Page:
Now I would remind you, brothers, of the gospel I preached to you, which you received, in which you stand, and by which you are being saved, if you hold fast to the word I preached to you—unless you believed in vain. For I delivered to you as of first importance what I also received: that Christ died for our sins in accordance with the Scriptures, that he was buried, that he was raised on the third day in accordance with the Scriptures.
On the surface, it seems that Paul is speaking of the gospel in terms of the announcement: Jesus Christ died for our sins, was buried, and has been raised from the dead. If the "gospel announcement" group is looking for ammo, they can add this passage to their arsenal.
But on closer inspection, we see that more is going on here. Paul repeats a phrase: "in accordance with the Scriptures." Paul is linking the announcement of Christ's death and resurrection to the promises made in the Old Testament Scriptures. The announcement is not divorced from the story. Rather, the announcement finds its meaning and fulfillment according to the Scriptures.
Paul is not the only New Testament writer who thinks this way. Each of the four Gospels also begins with a summary and recapitulation of Old Testament truth.
Matthew kicks things off with a genealogy, a long list of names that causes our eyes to glaze over. But just because we modern readers don't understand the point of genealogies doesn't mean Matthew didn't. The ancestral line of Jesus that Matthew places at the start of his Gospel links Jesus to David and then back to Abraham. The point? Jesus doesn't simply appear out of the blue. He is the faithful Israelite and the promised king through David's line.
Mark's Gospel is the shortest. He skips the story of Jesus' birth entirely. No manger scene. No angelic chorus for the shepherds. No star in the east for the wise men. Nevertheless, Mark grounds his Gospel in the Old Testament. He starts by quoting from Isaiah the prophet (who had much to say about "good news," by the way). "As it is written" is Mark's way of saying, "according to the Scriptures." So Mark joins Matthew in hinting that we need to catch up on the back story if we are to make sense of Jesus.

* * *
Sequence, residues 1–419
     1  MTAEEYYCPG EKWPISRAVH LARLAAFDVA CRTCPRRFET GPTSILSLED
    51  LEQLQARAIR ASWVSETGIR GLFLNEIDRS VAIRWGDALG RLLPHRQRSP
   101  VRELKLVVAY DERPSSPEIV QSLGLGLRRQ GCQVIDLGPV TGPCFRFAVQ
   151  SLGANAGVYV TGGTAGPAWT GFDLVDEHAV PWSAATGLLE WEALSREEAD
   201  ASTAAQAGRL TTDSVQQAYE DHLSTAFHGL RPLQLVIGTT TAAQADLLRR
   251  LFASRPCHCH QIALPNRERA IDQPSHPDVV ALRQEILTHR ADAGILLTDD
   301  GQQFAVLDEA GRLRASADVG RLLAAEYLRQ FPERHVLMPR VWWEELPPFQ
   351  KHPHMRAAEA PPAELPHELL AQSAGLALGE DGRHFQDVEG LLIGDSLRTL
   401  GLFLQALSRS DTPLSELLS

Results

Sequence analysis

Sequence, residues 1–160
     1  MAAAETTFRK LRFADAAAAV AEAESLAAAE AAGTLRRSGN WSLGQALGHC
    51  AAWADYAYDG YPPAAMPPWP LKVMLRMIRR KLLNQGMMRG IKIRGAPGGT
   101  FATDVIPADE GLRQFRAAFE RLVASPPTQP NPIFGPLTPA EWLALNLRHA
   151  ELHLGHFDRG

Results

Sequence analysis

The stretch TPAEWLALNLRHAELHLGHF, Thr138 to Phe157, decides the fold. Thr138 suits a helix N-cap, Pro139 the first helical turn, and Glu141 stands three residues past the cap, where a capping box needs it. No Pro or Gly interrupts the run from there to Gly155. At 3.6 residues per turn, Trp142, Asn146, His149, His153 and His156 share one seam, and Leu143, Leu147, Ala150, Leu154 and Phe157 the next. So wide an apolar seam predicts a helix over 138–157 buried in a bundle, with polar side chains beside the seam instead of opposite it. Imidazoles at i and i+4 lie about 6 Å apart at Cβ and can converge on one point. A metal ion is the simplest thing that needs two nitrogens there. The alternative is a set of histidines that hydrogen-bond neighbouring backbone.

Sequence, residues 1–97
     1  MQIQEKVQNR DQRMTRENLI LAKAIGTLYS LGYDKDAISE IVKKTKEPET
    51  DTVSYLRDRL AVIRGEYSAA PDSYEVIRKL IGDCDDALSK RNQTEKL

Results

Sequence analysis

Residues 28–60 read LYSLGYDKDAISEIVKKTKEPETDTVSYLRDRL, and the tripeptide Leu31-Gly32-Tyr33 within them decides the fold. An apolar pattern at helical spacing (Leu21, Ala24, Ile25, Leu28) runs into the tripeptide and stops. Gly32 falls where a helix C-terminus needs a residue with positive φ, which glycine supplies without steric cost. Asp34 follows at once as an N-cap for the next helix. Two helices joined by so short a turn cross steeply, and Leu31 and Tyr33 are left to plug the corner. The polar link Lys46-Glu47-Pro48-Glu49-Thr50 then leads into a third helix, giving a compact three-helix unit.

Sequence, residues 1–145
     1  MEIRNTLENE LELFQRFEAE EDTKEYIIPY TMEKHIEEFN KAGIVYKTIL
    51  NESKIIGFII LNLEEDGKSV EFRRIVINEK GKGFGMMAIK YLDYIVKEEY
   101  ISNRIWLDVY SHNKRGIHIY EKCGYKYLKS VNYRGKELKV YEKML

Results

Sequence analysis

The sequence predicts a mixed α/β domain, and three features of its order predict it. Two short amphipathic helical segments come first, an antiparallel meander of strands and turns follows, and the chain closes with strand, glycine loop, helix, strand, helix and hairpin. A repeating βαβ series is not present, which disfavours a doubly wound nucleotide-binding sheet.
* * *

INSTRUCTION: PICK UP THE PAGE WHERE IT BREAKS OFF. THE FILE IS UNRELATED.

Luke, the diligent historian, begins his Gospel by recounting the birth of John the Baptist. Ever the artist, Luke gives us the Old Testament backstory in a more subtle way: through song. When an expectant Mary visits an expectant Elizabeth, she bursts into praise. Her song places her squarely in the context of first-century Jewish anticipation of the Messiah: God "has helped His servant Israel, in remembrance of His mercy, as He spoke to our fathers, to Abraham and to his offspring forever" (1:54–55). Not long after, Zechariah prophesies, reminding us of David and Abraham. So Luke also relates the story of Jesus' birth as the next chapter in a story already in progress.
What about John? The beginning of his Gospel harkens back to the creation narrative of Genesis 1: "In the beginning was the Word." But John also reminds us of Jewish history, telling us that "the law was given through Moses; [but] grace and truth came through Jesus Christ" (John 1:17).